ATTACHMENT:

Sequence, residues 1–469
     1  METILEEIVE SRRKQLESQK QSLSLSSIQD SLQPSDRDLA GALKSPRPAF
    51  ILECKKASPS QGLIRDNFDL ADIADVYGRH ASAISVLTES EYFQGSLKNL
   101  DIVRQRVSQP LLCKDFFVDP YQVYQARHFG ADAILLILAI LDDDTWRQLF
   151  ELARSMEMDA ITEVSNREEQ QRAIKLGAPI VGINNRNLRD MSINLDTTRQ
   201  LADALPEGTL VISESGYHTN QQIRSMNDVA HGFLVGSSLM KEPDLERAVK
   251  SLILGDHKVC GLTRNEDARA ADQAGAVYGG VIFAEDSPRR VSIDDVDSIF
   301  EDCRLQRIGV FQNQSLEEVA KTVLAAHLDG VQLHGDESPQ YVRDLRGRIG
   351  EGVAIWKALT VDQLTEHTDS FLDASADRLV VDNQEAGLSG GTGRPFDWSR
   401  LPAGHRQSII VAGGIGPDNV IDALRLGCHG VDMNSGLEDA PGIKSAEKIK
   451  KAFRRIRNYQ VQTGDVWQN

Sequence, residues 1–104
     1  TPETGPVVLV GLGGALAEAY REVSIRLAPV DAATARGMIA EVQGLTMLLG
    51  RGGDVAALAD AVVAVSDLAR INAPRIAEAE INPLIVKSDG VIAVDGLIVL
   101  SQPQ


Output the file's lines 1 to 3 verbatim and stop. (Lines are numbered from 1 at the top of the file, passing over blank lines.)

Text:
Sequence, residues 1–469
     1  METILEEIVE SRRKQLESQK QSLSLSSIQD SLQPSDRDLA GALKSPRPAF
    51  ILECKKASPS QGLIRDNFDL ADIADVYGRH ASAISVLTES EYFQGSLKNL